See more from this Session: Managing Nutrients in Organic Materials and by-Products
Wednesday, November 3, 2010
Long Beach Convention Center, Exhibit Hall BC, Lower Level
A study was initiated at the Tennessee Valley Research and Extension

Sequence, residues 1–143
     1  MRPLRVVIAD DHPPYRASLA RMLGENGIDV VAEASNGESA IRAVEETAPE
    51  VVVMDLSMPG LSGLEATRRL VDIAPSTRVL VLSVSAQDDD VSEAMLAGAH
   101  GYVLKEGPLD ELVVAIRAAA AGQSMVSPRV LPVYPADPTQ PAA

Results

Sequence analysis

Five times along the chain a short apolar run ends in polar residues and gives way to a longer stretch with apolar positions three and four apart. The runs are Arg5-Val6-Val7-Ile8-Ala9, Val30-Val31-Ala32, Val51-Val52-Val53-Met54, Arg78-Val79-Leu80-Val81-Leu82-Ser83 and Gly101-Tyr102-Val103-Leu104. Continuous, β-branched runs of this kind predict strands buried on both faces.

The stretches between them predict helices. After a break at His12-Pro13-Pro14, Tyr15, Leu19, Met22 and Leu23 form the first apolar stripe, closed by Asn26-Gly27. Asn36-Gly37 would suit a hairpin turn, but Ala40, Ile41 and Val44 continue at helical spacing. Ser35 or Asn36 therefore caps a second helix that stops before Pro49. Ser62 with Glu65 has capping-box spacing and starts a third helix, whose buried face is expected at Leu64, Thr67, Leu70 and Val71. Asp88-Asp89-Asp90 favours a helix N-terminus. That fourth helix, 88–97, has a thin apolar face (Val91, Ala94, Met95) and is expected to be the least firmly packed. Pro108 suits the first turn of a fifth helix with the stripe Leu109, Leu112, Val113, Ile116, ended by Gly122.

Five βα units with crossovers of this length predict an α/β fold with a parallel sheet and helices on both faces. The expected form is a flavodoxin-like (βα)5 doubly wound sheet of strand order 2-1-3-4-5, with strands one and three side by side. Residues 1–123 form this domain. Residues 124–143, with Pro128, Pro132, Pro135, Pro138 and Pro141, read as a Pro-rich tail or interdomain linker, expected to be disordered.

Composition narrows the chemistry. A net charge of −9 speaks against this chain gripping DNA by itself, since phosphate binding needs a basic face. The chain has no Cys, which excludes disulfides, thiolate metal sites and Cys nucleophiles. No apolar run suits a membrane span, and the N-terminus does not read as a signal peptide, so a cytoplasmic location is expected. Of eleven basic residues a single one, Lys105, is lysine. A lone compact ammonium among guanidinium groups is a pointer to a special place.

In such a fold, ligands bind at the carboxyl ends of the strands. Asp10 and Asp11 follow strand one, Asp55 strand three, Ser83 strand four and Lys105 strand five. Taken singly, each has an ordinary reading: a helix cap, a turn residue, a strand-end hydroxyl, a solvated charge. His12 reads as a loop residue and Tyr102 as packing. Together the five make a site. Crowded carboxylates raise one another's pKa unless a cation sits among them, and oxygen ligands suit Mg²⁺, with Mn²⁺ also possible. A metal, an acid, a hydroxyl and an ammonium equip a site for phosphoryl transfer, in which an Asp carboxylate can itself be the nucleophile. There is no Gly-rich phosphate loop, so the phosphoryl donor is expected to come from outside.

Center, Belle Mina, AL in 1996 to evaluate cotton (Gossypium hirsutum L.) performance with long-term poultry litter (PL) application in different tillage systems. Eleven treatments were evaluated with different combinations of tillage, cropping system, and N source and rate. Treatments include incomplete factorial combinations of three tillage systems [conventional till (CT), mulch-till (MT), and no-till (NT)], two cropping systems [cotton- fallow and cotton-winter rye (Secale cereale L.)], and two nitrogen sources and rates [100 kg N ha‑1 from ammonium nitrate (AN), and 100 and 200 kg N ha‑1 from poultry litter (PL)]. Cotton was rotated with corn (Zea mays L.) every third year. In all tillages, application of PL at 100 kg N ha-1 resulted in higher available soil P (0-15cm) compared to AN at the same rate. Conventional-till, mulch-till and no-till systems recorded approximately 3, 2 and 3 times, respectively higher available P with application of PL at 100 kg N ha-1 compared to AN at the same rate. Application of PL at double rate (200 kg N ha-1) in NT plots resulted in significant build up of P. Among micronutrients Mg, Zn, Cu, and B were significantly influenced by tillage and nutrient source interactions. In all tillages, application of PL at 100 kg N ha‑1 resulted in significant increase in Mg and Zn concentrations in soil compared to AN at 100 kg N ha‑1. Concentrations of Cu and B did not change significantly with application of PL at 100 kg N ha‑1, but doubling the rate of PL (200 kg N ha‑1) resulted in significant increase in their concentration compared to AN at 100 kg N ha‑1. Winter cover crop did not influence P and micronutrient status in the soil.